School of Business ranked second in B2B marketing in prestigious international journal’s evaluation

Fruitful co-operation between Finnish universities and excellent university-business collaboration essential
Groups of students sitting in work lounge inside the School of Business / Photo by Aalto University, Mikko Raskinen
Kauppakorkeakoulu. Kuva: Mikko Raskinen / Aalto-yliopisto.

A bibliometric analysis of the research published in the Industrial Marketing Management (IMM) journal over 1971-2017 shows that Aalto University School of Business, and its predecessor Helsinki School of Economics, ranked second in the most productive and influential institutionspublishing in the journal. The University of Manchester came in first while the University of Lancaster placed third.

The IMM journal is by far the leading global publishing institution within industrial and business-to-business marketing. 

Altogether business-to-business (B2B) marketing research in Finland fared extremely well, with the country having the third highest rate of total citations after giants like the USA and the UK. In addition to Aalto, Turku School of Economics, Oulu University, and LUT University were active.

Kuvassa näkyy emeritusprofessori Kristian Möller. Kuva: Kristian Möller.
Emeritusprofessori Kristian Möller. Kuva: Kristian Möller.

As for individual researchers, the contribution from Professor Emeritus Kristian Möller and his colleagues was substantial. They had two papers among the 20 most cited papers and over 25 publications during the period studied, with the majority being from 2000 onwards.  Möller captured 11th place in the top 50 leading authors’ table.  He is also an Honorary Editorial Board member of the IMM.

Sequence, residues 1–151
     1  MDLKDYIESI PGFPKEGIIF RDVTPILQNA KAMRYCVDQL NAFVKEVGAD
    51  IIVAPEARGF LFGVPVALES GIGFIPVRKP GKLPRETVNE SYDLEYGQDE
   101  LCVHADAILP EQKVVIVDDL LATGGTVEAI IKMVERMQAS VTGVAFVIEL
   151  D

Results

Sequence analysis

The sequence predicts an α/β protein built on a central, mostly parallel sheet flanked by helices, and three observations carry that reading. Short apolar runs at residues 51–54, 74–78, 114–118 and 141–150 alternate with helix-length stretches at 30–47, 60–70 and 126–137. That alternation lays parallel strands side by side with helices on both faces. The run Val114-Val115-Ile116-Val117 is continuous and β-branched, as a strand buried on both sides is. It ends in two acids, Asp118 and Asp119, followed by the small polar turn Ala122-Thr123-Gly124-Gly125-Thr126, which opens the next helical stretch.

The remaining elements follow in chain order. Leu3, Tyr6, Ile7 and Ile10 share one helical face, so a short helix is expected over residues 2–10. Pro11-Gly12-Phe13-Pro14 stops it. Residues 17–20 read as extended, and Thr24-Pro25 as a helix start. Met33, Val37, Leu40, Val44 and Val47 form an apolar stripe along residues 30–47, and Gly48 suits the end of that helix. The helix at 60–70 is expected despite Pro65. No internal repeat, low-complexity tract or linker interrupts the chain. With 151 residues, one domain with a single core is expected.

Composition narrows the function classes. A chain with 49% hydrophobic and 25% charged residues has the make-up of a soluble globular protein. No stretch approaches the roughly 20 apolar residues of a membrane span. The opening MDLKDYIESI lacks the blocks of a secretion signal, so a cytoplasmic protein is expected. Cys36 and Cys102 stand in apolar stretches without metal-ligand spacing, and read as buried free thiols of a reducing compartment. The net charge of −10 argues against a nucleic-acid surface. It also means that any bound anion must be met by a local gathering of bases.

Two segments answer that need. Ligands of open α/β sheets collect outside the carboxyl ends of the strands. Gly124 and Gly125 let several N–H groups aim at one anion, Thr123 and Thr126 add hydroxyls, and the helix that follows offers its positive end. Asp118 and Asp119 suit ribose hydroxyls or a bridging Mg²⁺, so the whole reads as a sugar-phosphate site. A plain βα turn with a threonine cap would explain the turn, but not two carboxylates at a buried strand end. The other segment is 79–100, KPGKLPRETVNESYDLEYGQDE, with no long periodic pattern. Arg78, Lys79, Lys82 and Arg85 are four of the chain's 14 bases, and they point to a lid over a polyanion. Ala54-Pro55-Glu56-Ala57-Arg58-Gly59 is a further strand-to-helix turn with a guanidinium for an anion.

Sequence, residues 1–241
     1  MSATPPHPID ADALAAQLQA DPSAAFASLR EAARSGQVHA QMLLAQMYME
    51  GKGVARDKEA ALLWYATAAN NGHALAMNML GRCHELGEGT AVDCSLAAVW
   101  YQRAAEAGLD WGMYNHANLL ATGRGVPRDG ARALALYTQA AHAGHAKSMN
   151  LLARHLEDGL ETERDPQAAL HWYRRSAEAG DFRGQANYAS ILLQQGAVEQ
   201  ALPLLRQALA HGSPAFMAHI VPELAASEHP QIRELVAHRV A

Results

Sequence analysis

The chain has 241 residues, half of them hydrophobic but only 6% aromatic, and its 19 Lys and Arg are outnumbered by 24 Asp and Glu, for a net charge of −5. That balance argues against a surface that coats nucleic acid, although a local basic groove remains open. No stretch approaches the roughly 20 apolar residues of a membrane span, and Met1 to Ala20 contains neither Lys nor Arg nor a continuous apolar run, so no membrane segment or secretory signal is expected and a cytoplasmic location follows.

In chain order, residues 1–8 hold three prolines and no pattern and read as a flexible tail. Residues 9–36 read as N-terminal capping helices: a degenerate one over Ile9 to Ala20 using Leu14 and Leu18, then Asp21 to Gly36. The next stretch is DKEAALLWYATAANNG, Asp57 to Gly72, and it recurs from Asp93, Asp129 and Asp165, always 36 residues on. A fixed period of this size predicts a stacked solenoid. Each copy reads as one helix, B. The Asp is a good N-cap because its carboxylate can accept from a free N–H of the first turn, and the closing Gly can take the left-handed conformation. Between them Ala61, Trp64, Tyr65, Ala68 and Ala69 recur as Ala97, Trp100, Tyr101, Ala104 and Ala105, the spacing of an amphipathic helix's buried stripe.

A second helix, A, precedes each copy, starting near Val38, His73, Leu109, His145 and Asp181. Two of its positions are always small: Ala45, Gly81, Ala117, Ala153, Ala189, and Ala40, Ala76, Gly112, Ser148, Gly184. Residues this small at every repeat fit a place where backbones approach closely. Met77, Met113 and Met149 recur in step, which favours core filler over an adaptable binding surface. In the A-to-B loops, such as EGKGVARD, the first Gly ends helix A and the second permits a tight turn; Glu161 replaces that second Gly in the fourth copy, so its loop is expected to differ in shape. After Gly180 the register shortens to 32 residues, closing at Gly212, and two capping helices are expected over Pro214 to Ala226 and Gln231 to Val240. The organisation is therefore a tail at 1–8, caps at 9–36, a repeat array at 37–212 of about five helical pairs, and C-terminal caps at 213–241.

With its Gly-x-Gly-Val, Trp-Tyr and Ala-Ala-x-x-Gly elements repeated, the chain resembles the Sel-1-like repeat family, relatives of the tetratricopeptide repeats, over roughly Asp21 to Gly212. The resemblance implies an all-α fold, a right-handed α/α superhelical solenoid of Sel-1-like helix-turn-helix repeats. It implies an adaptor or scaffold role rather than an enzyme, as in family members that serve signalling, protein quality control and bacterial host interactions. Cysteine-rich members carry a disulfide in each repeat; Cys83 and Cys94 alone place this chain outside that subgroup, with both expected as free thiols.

Ambition, co-operation and frontline research as success factors

‘We focused efforts on understanding the characteristics and building processes of business networks much before networks became the buzz word in strategy,’ Professor Möller says. 

‘Another important feature was recognising the fact that various forms of business networks and supplier-customer collaboration were constructed for different strategic purposes, like supplier network orchestration, creation of technological and business model innovations, and customer service networks.  Moreover, we tried to dig deeply into the management of network construction and orchestration by identifying actionable sets of management capabilities and company roles for these purposes. And we were ambitious, targeting the best academic forums and journals,’ Möller adds.

A significant aspect for the success of Finnish business-to-business researchers was intense collaboration. 

‘We established a nationwide research consortium (ValueNet) among business schools and received funding from the Academy of Finland. There was also fruitful university-business collaboration in several Tekes projects — now a part of Business Finland organization — providing researchers important corporate access. Overall, this collaboration created a critical mass of researchers and research projects which resulted in over new 15 PhD degrees and over 30 academic publications.  So, collaboration was essential in overcoming the inherently small size of the Finnish research community and scarcity of the resources of individual universities. Our success was critical also in developing increasing international research networks,’ Möller sums up.